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Biol Psychiatry. 1998 Aug 1;44(3):193-206.

Sensitization and kindling phenomena in mood, anxiety, and obsessive-compulsive disorders: the role of serotonergic mechanisms in illness progression.

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  • 1Biological Psychiatry Branch, NIMH, NIH, Bethesda, Maryland 20892-1272, USA.

Abstract

A number of untreated or inadequately treated psychiatric illnesses often demonstrate syndrome progression manifested by either increasing frequency, severity, or spontaneity of episodes. Behavioral sensitization to psychomotor stimulants (and its cross sensitization to stress) and electrophysiological kindling provide two very different models for conceptualizing physiological and behavioral abnormalities that progress in severity in response to the same inducing stimulation over time. These models are highly indirect, and the behaviors induced and specific pharmacologic interventions do not directly parallel those in many of these psychiatric syndromes. Nonetheless, these preclinical models help us conceptualize potential mechanisms involved in syndrome progression based on experience-dependent modifications of the genome at the level of transcriptional regulation. In both preclinical models, agents that are effective in the earlier developmental phase of sensitization or kindling are not necessarily effective in amelioration of the full-blown syndromes, and vice versa. Thus these models also suggest a variety of intervention principles that can be directly tested in the clinic, such as differential efficacy of treatment as a function of stage of evolution of the given syndrome. Although serotonergic mechanisms do not appear central to the basic phenomena of sensitization and kindling, they appear capable of modulating their development and severity. As such, it becomes of considerable importance to assess whether serotonergic mechanisms that have been implicated in acute treatment of mood and anxiety syndromes are also involved in the longitudinal course and prevention of syndrome progression or occurrence. Identification of the more precise molecular mechanisms involved might provide a target for new therapeutic approaches to these recurrent and potentially disabling major psychiatric illnesses.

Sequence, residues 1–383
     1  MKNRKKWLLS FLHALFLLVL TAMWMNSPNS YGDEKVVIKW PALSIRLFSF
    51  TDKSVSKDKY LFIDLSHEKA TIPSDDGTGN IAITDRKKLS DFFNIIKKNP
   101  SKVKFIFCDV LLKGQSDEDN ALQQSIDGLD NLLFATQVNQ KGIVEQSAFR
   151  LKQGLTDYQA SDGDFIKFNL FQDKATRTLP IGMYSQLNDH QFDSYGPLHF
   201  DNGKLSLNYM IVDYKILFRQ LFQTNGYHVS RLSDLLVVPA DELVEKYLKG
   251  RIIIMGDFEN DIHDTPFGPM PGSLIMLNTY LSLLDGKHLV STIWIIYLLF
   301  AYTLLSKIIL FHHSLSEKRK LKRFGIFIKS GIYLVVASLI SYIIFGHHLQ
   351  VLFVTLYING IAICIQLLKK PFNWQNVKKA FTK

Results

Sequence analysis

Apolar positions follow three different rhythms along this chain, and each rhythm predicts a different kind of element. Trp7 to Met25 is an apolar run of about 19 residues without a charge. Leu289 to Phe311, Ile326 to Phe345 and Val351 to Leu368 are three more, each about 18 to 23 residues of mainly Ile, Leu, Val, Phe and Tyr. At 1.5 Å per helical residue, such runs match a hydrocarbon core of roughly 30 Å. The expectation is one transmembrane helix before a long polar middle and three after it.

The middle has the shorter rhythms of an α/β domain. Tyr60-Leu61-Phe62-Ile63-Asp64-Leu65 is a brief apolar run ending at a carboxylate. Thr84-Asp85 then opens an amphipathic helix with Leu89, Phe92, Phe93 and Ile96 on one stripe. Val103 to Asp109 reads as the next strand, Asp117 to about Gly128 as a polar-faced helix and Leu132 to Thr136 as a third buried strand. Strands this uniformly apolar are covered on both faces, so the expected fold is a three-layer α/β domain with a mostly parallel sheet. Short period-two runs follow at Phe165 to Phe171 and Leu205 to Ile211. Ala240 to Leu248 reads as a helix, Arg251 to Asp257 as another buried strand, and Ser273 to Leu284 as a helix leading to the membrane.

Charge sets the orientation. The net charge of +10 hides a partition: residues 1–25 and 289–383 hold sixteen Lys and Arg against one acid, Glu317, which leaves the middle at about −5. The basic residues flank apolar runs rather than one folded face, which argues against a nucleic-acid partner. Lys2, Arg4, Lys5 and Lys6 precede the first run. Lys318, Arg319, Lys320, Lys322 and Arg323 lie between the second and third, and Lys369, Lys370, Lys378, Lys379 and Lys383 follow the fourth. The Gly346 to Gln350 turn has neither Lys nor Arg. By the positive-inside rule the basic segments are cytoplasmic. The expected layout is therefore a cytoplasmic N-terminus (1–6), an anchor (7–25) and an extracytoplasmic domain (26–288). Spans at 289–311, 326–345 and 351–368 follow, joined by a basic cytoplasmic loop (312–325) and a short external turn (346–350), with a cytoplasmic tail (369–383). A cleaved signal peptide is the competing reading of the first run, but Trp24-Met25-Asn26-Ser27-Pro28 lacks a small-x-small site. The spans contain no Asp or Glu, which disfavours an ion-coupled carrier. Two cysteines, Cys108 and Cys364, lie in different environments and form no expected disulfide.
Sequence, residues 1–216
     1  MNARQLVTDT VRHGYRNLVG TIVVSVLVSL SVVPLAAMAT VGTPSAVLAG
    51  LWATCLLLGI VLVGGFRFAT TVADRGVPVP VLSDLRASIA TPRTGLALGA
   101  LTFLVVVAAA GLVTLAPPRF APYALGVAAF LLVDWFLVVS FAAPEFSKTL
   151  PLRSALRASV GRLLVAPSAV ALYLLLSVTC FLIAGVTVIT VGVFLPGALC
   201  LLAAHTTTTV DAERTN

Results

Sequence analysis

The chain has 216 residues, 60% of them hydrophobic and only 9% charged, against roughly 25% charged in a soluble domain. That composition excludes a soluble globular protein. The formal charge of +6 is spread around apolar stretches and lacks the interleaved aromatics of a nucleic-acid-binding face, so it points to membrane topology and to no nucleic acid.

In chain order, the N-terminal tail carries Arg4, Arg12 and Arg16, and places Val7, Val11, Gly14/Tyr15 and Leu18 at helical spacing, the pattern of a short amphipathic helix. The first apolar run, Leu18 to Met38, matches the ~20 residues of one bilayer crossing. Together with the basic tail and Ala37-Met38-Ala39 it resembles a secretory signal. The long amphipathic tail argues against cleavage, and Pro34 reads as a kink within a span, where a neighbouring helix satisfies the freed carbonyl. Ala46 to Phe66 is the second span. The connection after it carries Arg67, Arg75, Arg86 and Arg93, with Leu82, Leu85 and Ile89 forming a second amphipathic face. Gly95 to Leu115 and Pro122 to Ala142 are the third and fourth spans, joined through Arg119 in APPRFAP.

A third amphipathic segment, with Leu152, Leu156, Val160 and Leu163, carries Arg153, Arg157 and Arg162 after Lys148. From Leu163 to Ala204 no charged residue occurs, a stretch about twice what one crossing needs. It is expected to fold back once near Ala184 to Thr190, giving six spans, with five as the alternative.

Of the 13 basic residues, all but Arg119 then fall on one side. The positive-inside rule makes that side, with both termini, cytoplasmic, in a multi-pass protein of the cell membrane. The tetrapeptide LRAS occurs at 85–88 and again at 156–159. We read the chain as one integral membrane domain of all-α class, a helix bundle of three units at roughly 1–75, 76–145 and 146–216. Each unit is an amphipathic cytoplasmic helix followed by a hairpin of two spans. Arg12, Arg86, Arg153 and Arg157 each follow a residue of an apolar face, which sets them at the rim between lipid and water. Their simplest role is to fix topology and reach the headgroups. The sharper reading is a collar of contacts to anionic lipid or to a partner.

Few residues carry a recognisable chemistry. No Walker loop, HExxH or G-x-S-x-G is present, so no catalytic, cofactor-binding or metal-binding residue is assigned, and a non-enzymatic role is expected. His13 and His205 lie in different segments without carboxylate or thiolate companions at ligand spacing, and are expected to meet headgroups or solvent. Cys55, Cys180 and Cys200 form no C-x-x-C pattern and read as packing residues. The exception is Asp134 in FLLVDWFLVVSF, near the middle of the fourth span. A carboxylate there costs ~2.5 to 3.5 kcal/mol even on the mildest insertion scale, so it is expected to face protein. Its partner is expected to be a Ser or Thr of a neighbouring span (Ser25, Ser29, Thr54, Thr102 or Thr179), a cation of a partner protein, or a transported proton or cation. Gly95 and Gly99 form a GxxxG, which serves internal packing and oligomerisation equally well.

PMID:
9693391
[PubMed - indexed for MEDLINE]
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